Thankfully, we do have some wonderful people working on these questions, mostly under the umbrella of the Self-Organising Systems team. But anybody organising in XR shares some part of the challenge: from building local groups to national teams, taking feedback to the UK level or addressing a conflict, it’s down to us to make our empowerment-led ways of working a reality.
The many questions raised above can’t really be ignored or circumvented: attempts to do so are positions in themselves. If the proponents of a boundary-pushing action go ahead and do it, they may well be affirming the reality of post-consensus; but this freedom often comes at the expense of alienating other rebels.
How much to fret about consent is therefore a judgement call: even writing observations such as these could cause some upset, but not everyone can be consulted all the time.
Without understanding of agile decision-making processes, consensus plays a growing role. And with so many rebels deeply invested in XR, any decision can mean many meetings involving many people.
Just as in so many local groups, this lack of process information has predictable results: informal power structures vaguely informed by our principles but rooted in ‘do-ocracy’. This may work in the short term but, over the course of a year and a half, it has taken its toll on rebels, and led to a heap of burnout, power-mitigation and (you guessed it) scaling problems.
We need change
Most of us joined XR looking to use what creativity and courage we have to change minds and ultimately save lives. Many of us will have been inspired by the impossible new world we saw in April, and which lives on across XR in smaller ways.
If we don’t take the time to collectively assess and discuss our performance, and to address the many tensions mostly left to grow unchecked, we won’t become the force for change we need to be.
The demands of these accumulated tensions have been exhausting for core organisers, and have no doubt caused frustrations for the wider lifeblood of our movement. Many of our ablest roadblock veterans are finding themselves embroiled in processes and meetings. Whether it’s funding, advice, strategic direction, or actions, the UK Support team mostly hasn’t had as much support to give as anyone, inside it or outside it, would have liked.
Our reduced agility has surely also been frustrating for the even greater number that supports XR but don’t (yet!) consider themselves involved. Our sympathisers, be they press or public, politicians or police, will understandably not find it easy to support us when it’s not so crystal clear what XR represents.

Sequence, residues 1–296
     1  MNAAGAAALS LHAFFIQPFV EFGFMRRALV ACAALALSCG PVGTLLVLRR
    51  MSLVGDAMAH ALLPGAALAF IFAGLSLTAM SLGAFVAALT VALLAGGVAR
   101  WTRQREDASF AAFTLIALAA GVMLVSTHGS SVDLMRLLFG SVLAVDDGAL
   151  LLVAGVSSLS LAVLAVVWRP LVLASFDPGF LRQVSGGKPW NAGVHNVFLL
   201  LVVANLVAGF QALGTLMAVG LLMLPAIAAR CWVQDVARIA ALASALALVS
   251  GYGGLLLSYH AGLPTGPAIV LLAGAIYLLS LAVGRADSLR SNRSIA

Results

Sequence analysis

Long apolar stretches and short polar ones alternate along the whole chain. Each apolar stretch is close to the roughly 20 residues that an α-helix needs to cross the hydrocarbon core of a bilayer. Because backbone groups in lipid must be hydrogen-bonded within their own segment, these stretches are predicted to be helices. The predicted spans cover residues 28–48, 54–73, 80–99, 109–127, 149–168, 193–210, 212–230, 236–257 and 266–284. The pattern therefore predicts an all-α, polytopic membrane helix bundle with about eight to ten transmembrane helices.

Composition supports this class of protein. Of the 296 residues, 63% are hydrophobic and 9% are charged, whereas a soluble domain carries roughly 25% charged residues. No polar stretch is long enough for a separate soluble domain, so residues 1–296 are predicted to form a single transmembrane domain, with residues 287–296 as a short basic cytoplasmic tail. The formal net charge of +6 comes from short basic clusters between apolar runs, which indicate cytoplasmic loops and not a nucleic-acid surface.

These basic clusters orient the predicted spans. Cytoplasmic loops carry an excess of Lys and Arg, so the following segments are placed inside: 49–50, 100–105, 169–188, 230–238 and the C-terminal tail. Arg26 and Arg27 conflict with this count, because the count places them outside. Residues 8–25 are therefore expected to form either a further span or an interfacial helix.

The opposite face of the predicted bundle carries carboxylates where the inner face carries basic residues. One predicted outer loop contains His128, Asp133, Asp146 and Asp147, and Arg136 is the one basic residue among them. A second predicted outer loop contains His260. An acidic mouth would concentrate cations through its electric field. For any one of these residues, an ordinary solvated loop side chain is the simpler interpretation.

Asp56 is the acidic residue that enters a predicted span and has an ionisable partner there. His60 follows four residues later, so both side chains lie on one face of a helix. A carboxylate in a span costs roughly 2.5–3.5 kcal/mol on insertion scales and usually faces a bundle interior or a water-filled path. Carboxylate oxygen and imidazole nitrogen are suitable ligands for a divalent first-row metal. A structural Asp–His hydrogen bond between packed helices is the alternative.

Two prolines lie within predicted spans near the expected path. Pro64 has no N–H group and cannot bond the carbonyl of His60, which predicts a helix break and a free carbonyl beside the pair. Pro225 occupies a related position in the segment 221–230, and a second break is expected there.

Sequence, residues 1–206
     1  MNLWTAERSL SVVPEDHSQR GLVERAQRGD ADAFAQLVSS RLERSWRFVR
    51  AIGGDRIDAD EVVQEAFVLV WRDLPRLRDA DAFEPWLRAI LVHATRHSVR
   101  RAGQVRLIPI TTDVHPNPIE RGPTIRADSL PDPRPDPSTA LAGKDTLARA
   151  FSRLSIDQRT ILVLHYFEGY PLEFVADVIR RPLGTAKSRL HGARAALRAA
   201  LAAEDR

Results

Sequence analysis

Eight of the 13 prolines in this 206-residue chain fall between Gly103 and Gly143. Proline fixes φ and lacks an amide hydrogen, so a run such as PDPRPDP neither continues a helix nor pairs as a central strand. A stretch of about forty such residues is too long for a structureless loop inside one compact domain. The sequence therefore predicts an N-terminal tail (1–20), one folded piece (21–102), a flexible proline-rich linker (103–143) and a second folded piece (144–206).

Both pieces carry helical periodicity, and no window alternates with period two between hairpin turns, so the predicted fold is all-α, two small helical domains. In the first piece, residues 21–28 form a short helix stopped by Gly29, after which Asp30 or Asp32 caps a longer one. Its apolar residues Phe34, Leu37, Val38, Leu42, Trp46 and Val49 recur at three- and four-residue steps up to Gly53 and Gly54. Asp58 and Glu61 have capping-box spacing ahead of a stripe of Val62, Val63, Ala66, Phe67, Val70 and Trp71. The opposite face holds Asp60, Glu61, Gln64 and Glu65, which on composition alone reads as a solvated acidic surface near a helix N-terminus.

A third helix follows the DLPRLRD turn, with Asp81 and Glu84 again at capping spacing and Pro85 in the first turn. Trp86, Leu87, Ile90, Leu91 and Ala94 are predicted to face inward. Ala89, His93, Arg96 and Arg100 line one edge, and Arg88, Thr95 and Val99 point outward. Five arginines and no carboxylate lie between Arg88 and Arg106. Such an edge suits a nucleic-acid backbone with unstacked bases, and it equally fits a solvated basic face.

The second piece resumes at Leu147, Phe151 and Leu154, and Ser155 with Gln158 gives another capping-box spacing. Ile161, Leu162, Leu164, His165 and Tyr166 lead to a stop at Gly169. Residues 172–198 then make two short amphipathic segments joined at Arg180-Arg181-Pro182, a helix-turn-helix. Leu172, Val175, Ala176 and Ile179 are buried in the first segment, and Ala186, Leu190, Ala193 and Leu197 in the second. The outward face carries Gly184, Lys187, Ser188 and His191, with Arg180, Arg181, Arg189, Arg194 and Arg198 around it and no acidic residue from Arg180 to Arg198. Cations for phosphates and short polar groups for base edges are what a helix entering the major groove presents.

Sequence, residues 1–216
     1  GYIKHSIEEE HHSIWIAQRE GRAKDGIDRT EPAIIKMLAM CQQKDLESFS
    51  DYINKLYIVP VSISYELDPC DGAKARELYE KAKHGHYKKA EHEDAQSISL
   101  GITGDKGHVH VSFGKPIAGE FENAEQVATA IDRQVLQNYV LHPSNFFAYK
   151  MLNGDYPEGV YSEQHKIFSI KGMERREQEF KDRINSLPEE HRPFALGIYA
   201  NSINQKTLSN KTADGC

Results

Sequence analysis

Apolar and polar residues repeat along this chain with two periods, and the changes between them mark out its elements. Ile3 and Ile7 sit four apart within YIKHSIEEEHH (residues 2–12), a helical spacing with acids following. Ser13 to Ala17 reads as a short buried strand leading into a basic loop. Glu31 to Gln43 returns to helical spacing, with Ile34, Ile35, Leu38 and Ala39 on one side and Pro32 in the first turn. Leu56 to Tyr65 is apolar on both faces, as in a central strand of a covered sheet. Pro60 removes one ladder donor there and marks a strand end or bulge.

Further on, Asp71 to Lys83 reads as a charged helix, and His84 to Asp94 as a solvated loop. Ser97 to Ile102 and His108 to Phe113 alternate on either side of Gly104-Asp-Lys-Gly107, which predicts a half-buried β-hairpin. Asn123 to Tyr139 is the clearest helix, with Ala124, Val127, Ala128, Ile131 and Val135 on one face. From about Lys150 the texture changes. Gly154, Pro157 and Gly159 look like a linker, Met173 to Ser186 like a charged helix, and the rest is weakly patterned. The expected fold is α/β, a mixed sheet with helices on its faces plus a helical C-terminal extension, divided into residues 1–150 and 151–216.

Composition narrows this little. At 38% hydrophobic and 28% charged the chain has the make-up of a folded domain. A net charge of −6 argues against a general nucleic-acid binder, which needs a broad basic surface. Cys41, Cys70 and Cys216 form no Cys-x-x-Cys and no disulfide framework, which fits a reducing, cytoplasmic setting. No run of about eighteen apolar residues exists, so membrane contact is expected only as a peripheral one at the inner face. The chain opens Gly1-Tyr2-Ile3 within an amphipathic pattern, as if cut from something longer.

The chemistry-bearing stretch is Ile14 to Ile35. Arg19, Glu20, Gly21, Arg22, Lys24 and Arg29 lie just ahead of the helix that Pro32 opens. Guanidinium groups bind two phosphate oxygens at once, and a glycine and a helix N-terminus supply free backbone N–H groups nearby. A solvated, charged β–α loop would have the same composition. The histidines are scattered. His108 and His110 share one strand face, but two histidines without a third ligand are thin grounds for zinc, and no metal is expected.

We will be the change
For all that such a laundry-list of tensions might seem daunting, this writer thinks that facing them head-on can actually be a kind of comfort.
We’ve achieved an unbelievable amount in very little time: we’ve demonstrated to the world that direct action works, that our fundamental message has the power to inspire as much as frighten.
The challenges we face are normal, and they’re highly tractable. Impressive work is going on already (work this writer might, feedback permitting, seek to describe another time). This is just the next step in a journey that — were it to end tomorrow — will be featured in the history books, and looked to as a source of hope and learning for the change-makers that follow us.
Though aviation’s out of fashion, this will be an international journey — there’s already more rebellion beyond the UK than within it. Other branches will encounter other versions of the challenges that face us now: if we can meet them, we could be a crucial source of inspiration and support to what is now a fully global movement.
And for all the bumps ahead, it looks unlikely that our journey will be ending soon. Whether with a different name or strategy or shape, the world will not stop needing us or something like us. We aren’t in a rebellion because it’s fun, or because we think it’s guaranteed to work, but because it’s right.
So if you’ve drifted slightly from XR, or been distracted by the very much distracting recent times, remember it’s okay. A cycle of action, regeneration and reflection is a part of our core values. In these times of change, XR itself is changing.
However long it is before the streets, refineries and planes are moving again as they were, and business as usual continues with its existential threat — we’ll be different, but we’ll be there.
If you’d like to discuss the ideas in this piece, please join our discussion here.
In case you’re still reading these italics: the writer really believes that confronting and discussing themes like the above is crucial to the future of XR — so if you’re on any groups that might be healthy places to continue this debate, please consider sharing this article!